When we were in graduate school, if my studiomate Corey was having an off day, she would go into the hammer room and forge a spoon. Translation: She would disappear with a length of silver stock and reappear a while later with a spoon perfectly capable of stirring hot cocoa or eating soup.
Eventually, Corey had a small collection of spoons that she kept in a handmade ceramic mug in her cabinet.
When you’re in graduate school for art, you pretty much live in the studio. As a result, each of us had our own small collection of dishes and utensils for eating meals throughout the day.
But inevitably, if anyone had something that required a spoon, you’d hear “Corey, can I use one of your spoons?” To which she always reply “yes.”
There was something about using one of Corey’s spoons that was different. Each one was unique, and while none of them were fancy, each seemed to elevate lunch time to a special occasion, even while sitting in my dirty studio apron at my messy desk.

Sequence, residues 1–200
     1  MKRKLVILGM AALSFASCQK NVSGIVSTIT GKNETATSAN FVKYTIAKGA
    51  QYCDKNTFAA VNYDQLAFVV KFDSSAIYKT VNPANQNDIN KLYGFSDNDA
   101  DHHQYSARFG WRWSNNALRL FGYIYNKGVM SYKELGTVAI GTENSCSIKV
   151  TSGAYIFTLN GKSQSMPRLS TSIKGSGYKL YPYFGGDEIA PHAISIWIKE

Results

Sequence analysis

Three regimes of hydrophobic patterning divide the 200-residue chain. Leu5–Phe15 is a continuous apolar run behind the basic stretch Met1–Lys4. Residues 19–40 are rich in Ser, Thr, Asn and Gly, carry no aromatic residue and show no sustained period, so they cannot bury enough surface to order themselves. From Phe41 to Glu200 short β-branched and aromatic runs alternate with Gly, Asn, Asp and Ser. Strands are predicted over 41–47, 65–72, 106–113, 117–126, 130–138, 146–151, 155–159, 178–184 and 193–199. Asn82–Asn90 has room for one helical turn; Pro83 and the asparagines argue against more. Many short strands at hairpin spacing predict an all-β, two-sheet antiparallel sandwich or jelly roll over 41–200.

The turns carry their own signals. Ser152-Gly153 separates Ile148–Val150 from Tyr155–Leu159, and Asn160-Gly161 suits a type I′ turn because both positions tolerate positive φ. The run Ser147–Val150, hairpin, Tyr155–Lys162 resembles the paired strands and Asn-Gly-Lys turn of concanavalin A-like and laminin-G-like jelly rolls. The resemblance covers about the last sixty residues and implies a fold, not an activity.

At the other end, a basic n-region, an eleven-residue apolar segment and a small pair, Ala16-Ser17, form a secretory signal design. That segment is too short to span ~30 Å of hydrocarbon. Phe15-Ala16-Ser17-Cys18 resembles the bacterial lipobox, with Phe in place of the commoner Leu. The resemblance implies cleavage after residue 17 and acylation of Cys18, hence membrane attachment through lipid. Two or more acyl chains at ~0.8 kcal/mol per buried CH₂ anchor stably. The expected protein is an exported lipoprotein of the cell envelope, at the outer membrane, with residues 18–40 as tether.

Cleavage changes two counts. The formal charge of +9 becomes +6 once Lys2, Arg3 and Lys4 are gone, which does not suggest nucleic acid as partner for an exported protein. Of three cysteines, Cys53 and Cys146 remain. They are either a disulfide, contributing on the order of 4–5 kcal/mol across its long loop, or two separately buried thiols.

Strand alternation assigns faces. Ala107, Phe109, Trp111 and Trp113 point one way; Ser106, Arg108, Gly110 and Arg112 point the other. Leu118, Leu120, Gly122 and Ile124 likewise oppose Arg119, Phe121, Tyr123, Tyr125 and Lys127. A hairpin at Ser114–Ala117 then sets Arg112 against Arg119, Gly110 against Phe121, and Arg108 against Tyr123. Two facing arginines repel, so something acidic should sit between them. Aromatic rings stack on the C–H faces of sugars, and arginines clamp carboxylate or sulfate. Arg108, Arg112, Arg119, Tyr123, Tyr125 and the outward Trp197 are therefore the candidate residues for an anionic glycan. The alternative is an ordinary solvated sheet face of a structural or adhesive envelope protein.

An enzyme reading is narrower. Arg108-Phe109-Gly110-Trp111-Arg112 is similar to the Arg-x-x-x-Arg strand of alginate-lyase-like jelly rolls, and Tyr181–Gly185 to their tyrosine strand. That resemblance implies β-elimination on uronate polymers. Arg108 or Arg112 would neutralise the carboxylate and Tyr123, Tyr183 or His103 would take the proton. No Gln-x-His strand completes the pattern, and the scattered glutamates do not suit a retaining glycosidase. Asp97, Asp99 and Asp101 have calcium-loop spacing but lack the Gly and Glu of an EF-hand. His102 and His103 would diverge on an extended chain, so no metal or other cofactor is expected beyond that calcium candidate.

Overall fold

There was something about the experience of using one of Corey’s spoons to which my regular studio spoons, purchased in the leftover section of the Oneida Limited outlet store, could never compare.
If stuff didn’t matter, if it didn’t effect who we are and how we experience the world, if it didn’t, in some small way, connect us to others, then it wouldn’t matter what spoon I was using. The experience of eating lunch would be the same regardless.
A spoon would be a spoon would be a spoon.
It’s really easy to pretend that stuff doesn’t matter when you view every object as an interchangeable cog in our lives. When you look at things only as serving a very limited function, then questions of style and lineage don’t matter. You don’t have to seek out special silverware because it’s all the same.
But it isn’t all the same.
I have seen firsthand how a single spoon can transform the simple act of eating lunch.
I have seen how excited someone could get when they got to use one of Corey’s special spoons. And I have felt the disappointment when I realized that Corey’s spoons were locked away in her cabinet and I wouldn’t be able to use them that day.
When I think about why stuff matters, I don’t think about the mass. I don’t about stuff as one big, slightly out of focus blob. I think about the individual objects and the stories that go along with them.
And it is these stories that help me understand just how much stuff matters.
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